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Interview with Akira Tochigi

Interview by Armen Boudjikanian

The To the Source of Anime retrospective ends its run today at the Cinémathèque Québécoise with a tribute to Noburo Ofuji. The “Wartime Japanese Animation” programs included propaganda cartoons that feature strikingly American character designs. I mentioned this to Akira Tochigi, the curator of the retrospective, when I interviewed him during his stay in Montreal. Mr. Tochigi spoke with enthusiasm during our lengthy interview.

Armen Boudjikanian: This retrospective does a survey of Japanese animation from 1924 to 1952. Is there any reason why there are not any films from before the 1920s?

Akira Tochigi: Actually until last year, we haven’t had any surviving elements of animation from the 1910s. But a private collector found two elements of early animation from 1917 [35mm prints]. We are now doing their digital restoration. We will showcase them soon in a program highlighting recent restoration projects.

What can you tell us about the state of Japanese animation in the 1910s?

Animation was first imported to Japan between 1908 and 1910 from France [the works of Émile Cohl] and the UK. The Japanese film industry created its first major studio in 1912: Nikkatsu studio. Nikkatsu was very powerful at making and distributing its own films but also distributing foreign films. Gradually, along with its competitors, it began being interested in making animation. Pioneers of early animation found opportunities in these studios.

Around the 20s, as more animation came from abroad, especially the States, the majors lost interest in producing their own animation. Rather, [they decided to focus on] importing. They believed that American animation was much more sophisticated and more appealing to [Japanese] audiences.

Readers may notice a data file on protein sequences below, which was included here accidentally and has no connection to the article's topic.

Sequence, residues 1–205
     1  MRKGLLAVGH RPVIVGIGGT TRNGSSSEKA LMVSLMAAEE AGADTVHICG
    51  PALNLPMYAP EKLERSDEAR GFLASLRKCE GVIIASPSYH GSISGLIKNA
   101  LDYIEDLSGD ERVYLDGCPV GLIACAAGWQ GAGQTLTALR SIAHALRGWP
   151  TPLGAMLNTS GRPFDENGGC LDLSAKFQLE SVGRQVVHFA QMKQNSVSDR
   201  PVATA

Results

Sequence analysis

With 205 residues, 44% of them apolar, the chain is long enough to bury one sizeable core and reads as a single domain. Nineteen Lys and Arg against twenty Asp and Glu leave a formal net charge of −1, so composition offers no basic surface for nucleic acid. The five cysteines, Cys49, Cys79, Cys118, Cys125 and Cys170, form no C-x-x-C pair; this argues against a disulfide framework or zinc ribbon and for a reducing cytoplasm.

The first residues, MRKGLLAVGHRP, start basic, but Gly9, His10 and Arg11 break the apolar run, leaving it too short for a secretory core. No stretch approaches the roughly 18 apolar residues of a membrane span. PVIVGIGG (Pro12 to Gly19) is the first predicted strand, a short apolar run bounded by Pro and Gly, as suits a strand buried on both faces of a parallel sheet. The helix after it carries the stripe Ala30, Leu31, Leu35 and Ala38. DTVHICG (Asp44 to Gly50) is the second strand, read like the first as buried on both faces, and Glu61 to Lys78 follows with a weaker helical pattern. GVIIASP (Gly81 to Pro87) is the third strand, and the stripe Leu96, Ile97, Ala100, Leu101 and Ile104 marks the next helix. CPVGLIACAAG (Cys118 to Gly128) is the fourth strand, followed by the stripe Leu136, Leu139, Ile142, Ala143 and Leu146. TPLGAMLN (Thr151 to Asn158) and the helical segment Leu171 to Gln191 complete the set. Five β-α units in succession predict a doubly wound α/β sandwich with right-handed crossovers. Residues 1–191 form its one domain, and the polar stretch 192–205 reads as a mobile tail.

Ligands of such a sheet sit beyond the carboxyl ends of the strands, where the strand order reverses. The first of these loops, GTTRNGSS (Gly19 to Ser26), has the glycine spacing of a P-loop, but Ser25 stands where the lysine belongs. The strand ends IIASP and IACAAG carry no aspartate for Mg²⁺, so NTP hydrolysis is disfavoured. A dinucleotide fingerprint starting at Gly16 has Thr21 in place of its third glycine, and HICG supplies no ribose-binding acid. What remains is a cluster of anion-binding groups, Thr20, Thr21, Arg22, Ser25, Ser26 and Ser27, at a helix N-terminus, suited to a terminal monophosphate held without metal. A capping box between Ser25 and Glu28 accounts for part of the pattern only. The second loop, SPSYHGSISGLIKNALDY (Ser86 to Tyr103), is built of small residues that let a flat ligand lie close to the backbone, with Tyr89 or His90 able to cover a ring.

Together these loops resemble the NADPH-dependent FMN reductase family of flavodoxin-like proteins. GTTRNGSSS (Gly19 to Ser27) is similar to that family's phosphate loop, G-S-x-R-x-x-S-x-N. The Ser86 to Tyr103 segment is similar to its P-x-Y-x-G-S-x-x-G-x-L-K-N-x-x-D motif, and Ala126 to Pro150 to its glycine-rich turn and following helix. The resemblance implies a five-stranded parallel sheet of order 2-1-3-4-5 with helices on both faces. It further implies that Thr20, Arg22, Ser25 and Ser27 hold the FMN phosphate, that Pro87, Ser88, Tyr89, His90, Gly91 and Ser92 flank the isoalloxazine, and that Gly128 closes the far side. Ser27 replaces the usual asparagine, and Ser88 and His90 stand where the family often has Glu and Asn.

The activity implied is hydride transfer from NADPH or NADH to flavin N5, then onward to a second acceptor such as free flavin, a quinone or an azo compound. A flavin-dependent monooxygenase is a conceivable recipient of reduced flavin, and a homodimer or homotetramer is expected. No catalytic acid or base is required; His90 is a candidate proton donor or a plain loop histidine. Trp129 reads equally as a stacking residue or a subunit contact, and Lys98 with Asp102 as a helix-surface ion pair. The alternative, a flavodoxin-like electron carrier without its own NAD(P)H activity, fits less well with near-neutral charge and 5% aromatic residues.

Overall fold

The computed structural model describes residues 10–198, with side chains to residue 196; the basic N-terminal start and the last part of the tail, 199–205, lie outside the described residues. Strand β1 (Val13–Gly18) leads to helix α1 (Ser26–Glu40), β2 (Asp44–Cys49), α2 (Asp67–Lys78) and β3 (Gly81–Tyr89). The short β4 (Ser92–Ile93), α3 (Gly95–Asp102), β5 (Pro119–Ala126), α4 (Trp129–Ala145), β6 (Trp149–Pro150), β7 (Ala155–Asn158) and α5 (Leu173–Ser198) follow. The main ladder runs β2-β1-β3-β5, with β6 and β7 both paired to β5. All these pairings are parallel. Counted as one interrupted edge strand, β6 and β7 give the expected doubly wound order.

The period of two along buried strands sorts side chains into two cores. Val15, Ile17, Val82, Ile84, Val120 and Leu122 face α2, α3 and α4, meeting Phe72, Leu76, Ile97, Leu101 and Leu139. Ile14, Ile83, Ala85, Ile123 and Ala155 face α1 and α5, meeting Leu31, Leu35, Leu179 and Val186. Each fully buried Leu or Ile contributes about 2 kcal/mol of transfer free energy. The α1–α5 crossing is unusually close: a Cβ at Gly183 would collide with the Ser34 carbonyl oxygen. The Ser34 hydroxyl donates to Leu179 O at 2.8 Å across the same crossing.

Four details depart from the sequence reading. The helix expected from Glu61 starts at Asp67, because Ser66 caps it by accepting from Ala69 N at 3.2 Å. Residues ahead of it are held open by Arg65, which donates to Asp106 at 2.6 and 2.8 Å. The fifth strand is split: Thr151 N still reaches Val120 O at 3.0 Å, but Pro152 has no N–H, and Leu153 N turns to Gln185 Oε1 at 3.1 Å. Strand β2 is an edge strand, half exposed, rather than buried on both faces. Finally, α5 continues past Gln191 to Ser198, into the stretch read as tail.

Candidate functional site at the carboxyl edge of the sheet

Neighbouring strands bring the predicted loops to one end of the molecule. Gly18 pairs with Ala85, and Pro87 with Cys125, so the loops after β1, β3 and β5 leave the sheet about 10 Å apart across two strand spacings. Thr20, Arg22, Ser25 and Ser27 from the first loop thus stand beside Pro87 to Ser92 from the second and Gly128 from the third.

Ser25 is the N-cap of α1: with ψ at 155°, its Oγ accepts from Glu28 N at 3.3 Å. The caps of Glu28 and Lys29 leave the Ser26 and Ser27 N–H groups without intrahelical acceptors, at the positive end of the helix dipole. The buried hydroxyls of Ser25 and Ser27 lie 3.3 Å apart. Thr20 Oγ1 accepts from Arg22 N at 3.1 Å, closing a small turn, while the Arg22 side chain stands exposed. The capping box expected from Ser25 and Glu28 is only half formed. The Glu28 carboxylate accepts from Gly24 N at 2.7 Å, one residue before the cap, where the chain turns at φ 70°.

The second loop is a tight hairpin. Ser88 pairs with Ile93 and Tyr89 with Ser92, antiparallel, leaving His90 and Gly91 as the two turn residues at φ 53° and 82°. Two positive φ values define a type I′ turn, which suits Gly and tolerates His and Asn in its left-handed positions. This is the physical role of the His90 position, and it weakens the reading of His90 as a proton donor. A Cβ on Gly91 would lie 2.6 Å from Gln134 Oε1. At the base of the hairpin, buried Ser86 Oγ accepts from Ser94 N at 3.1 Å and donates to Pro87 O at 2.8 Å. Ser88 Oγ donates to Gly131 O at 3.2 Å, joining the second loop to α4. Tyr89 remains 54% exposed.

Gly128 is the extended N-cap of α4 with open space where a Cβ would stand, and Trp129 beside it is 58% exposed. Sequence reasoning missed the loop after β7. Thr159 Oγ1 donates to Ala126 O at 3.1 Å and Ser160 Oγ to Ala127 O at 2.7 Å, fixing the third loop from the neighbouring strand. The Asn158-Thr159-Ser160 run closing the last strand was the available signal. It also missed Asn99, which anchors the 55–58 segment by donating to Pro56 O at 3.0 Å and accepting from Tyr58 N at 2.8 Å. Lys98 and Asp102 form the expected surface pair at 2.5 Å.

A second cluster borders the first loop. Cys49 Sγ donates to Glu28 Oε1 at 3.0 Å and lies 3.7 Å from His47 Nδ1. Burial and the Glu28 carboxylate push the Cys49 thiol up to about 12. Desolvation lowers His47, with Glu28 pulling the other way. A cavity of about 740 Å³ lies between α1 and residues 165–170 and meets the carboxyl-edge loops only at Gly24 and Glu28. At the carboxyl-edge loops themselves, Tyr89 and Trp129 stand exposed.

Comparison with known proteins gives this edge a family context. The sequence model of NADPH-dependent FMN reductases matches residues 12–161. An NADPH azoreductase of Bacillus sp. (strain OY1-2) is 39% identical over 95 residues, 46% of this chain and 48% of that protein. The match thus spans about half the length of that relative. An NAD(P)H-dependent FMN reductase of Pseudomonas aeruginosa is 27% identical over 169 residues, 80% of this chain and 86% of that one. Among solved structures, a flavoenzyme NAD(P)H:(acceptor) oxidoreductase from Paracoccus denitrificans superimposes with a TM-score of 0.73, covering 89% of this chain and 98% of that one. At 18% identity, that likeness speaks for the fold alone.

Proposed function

But also in the 1910s, there was a heated debate in Japan about the influence of cinema on children. The portion of young audiences was big: about 30 to 40 per cent of the moviegoers. The government, academics and intellectuals were all concerned on the [effect of films] on children.

So in the early 1920s, the Japanese central government set up the policy of supporting educational films [which at the time also encompassed] animation. By this kind of categorization the government supported animation filmmaking and sometimes commissioned independent filmmakers to make animations for kid audiences. Animation became a way to safeguard children [from] the influence of cinema. And so, its quality changed at that time.

(Crossposted from Frames Per Second; click on over to read the rest of Armen’s interview…)

11:16 PM Emru Townsend • Permalink
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